The body then partially deflated will continue to follow a course forwardly, due to inertia, and will finally come to rest at the altitude of the starting point, unless of course the propulsion is permitted to start from anelevated point.

The body may then and repeatedly be inflated and released.

In Figure 3, I have illustrated the body of the craft of my invention as simulating a land vehicle having wheels I 8 on the axles 20, and in this form I have shown the valve 24 connected to the nose of the vehicle by a flexible string 22 instead of the rod.

ribs 36 which may be of the selfsame material orv may be reinforced, either of which manner of ribs may be employed to control the inflation of the body transversely or longitudinally.

Also in the structure embodying the longitudinal ribs, although not necessarily confined thereto, I have illustrated a further valve connection including the vertically arranged flexible cord or string 38 for the valve 40. In all of these difi'erent embodiments of the structure of my invention, the principle is the same, namely, inflation of the body, release thereof, a short period of exhaust propulsion, and actuation of the valve stopping the exhaust, and the continued forward motion of the body.

In Figures 12 and 13, I have shown in detail how the valve of compressible material, such as rubber, will be forced into the constricted portion of the body to seal the orifice and this seated valve will be unseated by the following inflation of the body.

Figures 14 through 17 show applications of the structure of my invention to various types of aircraft and missiles, and the application forms of the principles of my invention are numerous.

From the above descriptionvof the construction and operation of the craft of my invention it will be apparent that the toy will afiord amusement 1. An exhaust propelled craft comprising an expansible body portion, an exhaust portion extending therefrom and having an orifice, a valve means seating under contraction of the expanded body portion and unseating under expansion of the body portion to permit a limited exhaust and substantially stifi means in said body portion and attached to said valve means for directing the same into said orifice upon contraction of said body portion.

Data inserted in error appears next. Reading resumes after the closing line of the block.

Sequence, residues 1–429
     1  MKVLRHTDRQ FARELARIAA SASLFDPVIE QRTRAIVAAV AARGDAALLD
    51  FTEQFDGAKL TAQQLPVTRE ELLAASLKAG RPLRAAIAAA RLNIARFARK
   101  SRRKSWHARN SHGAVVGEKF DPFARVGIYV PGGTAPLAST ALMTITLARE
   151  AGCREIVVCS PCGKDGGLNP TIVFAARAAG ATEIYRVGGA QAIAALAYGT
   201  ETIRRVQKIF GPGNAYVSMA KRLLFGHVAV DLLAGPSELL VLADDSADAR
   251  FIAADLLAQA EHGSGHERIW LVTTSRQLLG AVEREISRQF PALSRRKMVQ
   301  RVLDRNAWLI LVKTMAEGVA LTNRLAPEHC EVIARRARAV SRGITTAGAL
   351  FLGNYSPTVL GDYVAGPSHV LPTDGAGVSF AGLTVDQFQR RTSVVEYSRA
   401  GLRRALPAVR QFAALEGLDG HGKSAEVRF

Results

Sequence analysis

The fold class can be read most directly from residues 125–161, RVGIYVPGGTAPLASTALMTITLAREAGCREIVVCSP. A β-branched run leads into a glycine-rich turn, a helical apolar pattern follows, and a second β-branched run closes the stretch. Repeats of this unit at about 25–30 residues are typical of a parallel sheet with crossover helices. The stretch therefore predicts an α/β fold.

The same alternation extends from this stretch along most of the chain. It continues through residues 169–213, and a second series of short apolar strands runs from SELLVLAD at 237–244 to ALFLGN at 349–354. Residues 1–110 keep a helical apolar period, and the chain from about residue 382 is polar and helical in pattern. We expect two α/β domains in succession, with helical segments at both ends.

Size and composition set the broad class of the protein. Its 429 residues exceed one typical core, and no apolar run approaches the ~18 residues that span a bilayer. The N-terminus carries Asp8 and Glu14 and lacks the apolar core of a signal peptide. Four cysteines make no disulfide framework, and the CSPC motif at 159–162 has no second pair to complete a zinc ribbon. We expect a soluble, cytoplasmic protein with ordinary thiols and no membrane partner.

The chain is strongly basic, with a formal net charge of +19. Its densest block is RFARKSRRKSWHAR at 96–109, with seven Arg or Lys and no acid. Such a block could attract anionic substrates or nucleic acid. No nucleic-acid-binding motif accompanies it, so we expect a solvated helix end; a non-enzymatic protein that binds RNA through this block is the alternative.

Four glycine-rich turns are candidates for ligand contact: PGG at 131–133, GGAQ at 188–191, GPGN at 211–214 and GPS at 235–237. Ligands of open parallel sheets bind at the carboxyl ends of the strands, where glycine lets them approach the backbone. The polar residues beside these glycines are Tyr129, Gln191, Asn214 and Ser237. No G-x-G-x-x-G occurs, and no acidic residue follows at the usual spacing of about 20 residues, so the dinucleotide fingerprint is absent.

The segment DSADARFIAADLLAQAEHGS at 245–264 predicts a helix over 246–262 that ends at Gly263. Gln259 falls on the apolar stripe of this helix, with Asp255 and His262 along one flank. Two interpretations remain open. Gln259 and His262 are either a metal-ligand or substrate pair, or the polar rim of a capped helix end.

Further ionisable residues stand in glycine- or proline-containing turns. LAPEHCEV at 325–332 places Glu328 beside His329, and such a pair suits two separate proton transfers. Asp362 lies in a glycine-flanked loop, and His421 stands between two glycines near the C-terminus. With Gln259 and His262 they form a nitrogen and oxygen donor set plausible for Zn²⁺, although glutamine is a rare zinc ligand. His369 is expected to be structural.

2. The combination with an inflatable body expansible longitudinally and having an orifice at one end, of a valve for the orifice, a rod connecting the valve to the opposite end of the body, the said valve being operable to close the orifice upon longitudinal contraction of the expanded body.

LOUIS COSTEA.

REFERENCES CITED The following references are of record in the file of this patent:

UNITED STATES PATENTS Number Name Date 1,206,867 Lewis Dec. 5, 1916 1,211,369 Miller Jan. 2, 1917 1,245,444 Creque Nov. 5, 1917 2,314,057 Slotsky -1 Mar. 16, 1-943

Patent Citations
Cited PatentFiling datePublication dateApplicantTitle
US1206867 *Mar 28, 1916Dec 5, 1916Jewel LewisEducational toy.
US1211369 *Aug 25, 1916Jan 2, 1917Faultless Rubber CoToy balloon.
US1245444 *Jan 16, 1917Nov 6, 1917Frank J CrequeToy balloon.
US2314057 *Apr 7, 1941Mar 16, 1943Pfingsten August FToy racing boat
Referenced by
Citing PatentFiling datePublication dateApplicantTitle
US2663968 *Jun 27, 1951Dec 29, 1953Longino Hugh ABalloon handle and whistle
US2826001 *May 11, 1956Mar 11, 1958Presnell Frank GSelf-propelled model submarine
US2886064 *Feb 17, 1954May 12, 1959Mercier JeanAccumulator construction
US3368301 *Apr 6, 1966Feb 13, 1968Benjamin KinbergRocket toy
US4850926 *Apr 19, 1988Jul 25, 1989Lovik Craig JBalloon sculpturing methods, apparatus and products
US4921462 *Jun 21, 1989May 1, 1990Lovik Craig JBalloon sculpturing methods, apparatus and products
Classifications
U.S. Classification446/211, 446/224
International ClassificationA63H29/16, A63H29/00
Cooperative ClassificationA63H29/16
European ClassificationA63H29/16